The Snowflake OAuth security integration has a network_policy parameter so that the Snowflake OAuth integration can authenticate and authorize users without adding these IP addresses for normal user access.

Setting up a network policy specific to the Snowflake OAuth integration allows the Snowflake OAuth network policy to be distinct from other network policies that may apply to the Snowflake account. Therefore, the Snowflake OAuth network policy allows for the authentication and authorization of users as intended.

A network policy applied to a Snowflake OAuth integration overrides a network policy applied to the entire Snowflake account, but is overridden by a network policy assigned to a user.


If a network policy per user or account is set and you are using a service that runs in a different location (e.g. Microsoft Power BI Service), you will not be able to connect to Snowflake.

After creating the Snowflake OAuth security integration, set the OAuth network policy using this command:

ALTER SECURITY INTEGRATION <oauth_integration> SET NETWORK_POLICY = <oauth_network_policy>;

To unset the Snowflake OAuth network policy, use this command:

ALTER SECURITY INTEGRATION <oauth_integration> UNSET <oauth_network_policy>;



Specifies the name of the Snowflake OAuth security integration.


Specifies the Snowflake OAuth network policy in Snowflake.

For more information, refer to Controlling network traffic with network policies and ALTER SECURITY INTEGRATION.

Error codes

Refer to the table below for descriptions of error codes associated with Snowflake OAuth:

Error Code





Issue generating or validating consent for a given user.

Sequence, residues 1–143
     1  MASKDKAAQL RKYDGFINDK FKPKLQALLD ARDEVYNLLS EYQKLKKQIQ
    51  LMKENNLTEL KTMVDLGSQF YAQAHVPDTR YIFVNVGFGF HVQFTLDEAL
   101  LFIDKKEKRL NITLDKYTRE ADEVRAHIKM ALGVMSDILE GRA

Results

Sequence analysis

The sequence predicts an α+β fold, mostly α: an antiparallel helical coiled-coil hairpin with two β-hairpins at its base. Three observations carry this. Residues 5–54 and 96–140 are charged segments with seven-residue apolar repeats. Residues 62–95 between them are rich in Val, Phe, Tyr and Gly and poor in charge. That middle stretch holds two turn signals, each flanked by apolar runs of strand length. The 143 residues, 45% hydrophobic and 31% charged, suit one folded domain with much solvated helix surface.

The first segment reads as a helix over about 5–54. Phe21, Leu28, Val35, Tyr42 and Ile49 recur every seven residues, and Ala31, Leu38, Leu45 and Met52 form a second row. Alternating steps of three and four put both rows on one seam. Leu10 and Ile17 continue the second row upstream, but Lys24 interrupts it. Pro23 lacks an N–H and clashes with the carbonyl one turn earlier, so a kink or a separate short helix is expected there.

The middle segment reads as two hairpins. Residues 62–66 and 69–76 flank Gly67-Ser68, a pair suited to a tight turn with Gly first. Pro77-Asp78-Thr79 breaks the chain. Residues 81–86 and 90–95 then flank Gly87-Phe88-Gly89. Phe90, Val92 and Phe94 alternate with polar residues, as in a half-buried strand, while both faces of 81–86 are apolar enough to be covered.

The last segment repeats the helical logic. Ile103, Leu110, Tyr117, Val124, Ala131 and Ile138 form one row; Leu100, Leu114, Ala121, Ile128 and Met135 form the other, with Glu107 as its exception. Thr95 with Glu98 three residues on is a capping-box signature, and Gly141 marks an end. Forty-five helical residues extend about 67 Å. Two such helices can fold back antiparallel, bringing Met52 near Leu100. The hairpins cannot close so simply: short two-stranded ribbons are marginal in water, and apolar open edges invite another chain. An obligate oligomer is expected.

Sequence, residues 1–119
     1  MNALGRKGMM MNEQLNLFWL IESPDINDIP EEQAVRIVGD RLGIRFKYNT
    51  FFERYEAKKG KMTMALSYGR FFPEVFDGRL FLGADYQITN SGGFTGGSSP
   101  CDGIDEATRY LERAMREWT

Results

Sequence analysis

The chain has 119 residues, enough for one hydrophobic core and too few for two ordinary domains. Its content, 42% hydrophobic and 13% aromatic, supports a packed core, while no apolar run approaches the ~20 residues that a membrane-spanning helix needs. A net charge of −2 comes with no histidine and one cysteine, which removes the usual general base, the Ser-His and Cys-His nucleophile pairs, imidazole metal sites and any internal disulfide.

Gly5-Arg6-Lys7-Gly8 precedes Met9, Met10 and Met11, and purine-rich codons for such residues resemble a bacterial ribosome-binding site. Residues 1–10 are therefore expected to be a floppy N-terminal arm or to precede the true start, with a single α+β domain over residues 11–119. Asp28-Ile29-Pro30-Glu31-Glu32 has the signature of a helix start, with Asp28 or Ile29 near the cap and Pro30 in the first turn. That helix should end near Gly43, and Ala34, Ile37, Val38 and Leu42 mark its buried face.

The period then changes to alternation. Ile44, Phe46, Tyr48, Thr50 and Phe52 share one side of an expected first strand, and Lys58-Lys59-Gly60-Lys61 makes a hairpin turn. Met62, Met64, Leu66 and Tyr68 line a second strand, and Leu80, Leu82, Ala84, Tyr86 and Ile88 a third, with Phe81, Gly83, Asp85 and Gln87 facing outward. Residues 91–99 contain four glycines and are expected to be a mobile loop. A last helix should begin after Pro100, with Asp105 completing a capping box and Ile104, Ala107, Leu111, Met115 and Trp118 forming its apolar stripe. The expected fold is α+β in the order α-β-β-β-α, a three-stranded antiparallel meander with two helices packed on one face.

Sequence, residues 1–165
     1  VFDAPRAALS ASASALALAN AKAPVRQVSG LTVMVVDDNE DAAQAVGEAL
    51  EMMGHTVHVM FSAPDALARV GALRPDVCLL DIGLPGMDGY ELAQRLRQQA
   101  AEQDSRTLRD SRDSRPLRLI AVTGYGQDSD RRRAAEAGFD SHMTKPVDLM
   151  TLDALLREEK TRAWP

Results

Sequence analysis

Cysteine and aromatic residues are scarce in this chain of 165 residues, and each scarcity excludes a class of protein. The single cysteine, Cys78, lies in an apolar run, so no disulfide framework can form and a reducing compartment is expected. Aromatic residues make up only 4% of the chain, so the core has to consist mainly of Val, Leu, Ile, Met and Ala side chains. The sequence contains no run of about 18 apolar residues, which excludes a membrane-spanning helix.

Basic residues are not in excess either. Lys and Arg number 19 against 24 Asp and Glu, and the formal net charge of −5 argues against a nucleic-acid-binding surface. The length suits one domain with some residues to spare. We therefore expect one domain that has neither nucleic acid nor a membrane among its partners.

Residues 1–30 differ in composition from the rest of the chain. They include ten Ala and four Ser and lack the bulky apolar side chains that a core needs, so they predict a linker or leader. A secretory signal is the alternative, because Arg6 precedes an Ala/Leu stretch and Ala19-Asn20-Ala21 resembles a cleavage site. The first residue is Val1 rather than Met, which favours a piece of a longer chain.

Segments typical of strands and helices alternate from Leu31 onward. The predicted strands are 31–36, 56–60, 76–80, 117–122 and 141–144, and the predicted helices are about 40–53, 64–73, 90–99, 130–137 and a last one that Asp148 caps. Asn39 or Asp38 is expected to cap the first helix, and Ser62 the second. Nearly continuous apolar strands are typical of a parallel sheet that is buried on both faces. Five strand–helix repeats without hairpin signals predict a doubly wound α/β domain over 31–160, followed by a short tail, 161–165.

Access token provided used when attempting to create a Snowflake session is expired or invalid.



Invalid response_type was provided as a parameter to the authorization endpoint (it should most likely be code).



State parameter provided as a parameter to the authorization endpoint exceeds 2048 characters.



Integration associated with a provided client id does not exist.



redirect_uri given as a parameter to the authorization endpoint does not match the redirect_uri of the integration associated with the provided client_id or the redirect_uri is not properly formatted.



Either the scope requested is not a valid scope, or the scopes requested cannot fully be granted to the user.



The user you were trying to authenticate as differs from the user tied to the access token.



Either the code challenge or code challenge method is missing, invalid, or not supported.

Additionally, the following errors are taken from the RFC and are returned in the JSON blob generated during an unsuccessful token request or exchange:




There was a failure relating to client authentication, such as the client being unknown, a client secret mismatch, etc.


The provided authorization grant or refresh token is invalid, expired, revoked, does not match the redirection URI used in the authorization request, or was issued to another client.


A grant type was provided that Snowflake currently does not support (“refresh_token” and “authorization_code” are the only two supported grant types at the moment).


The request was malformed or could not be processed.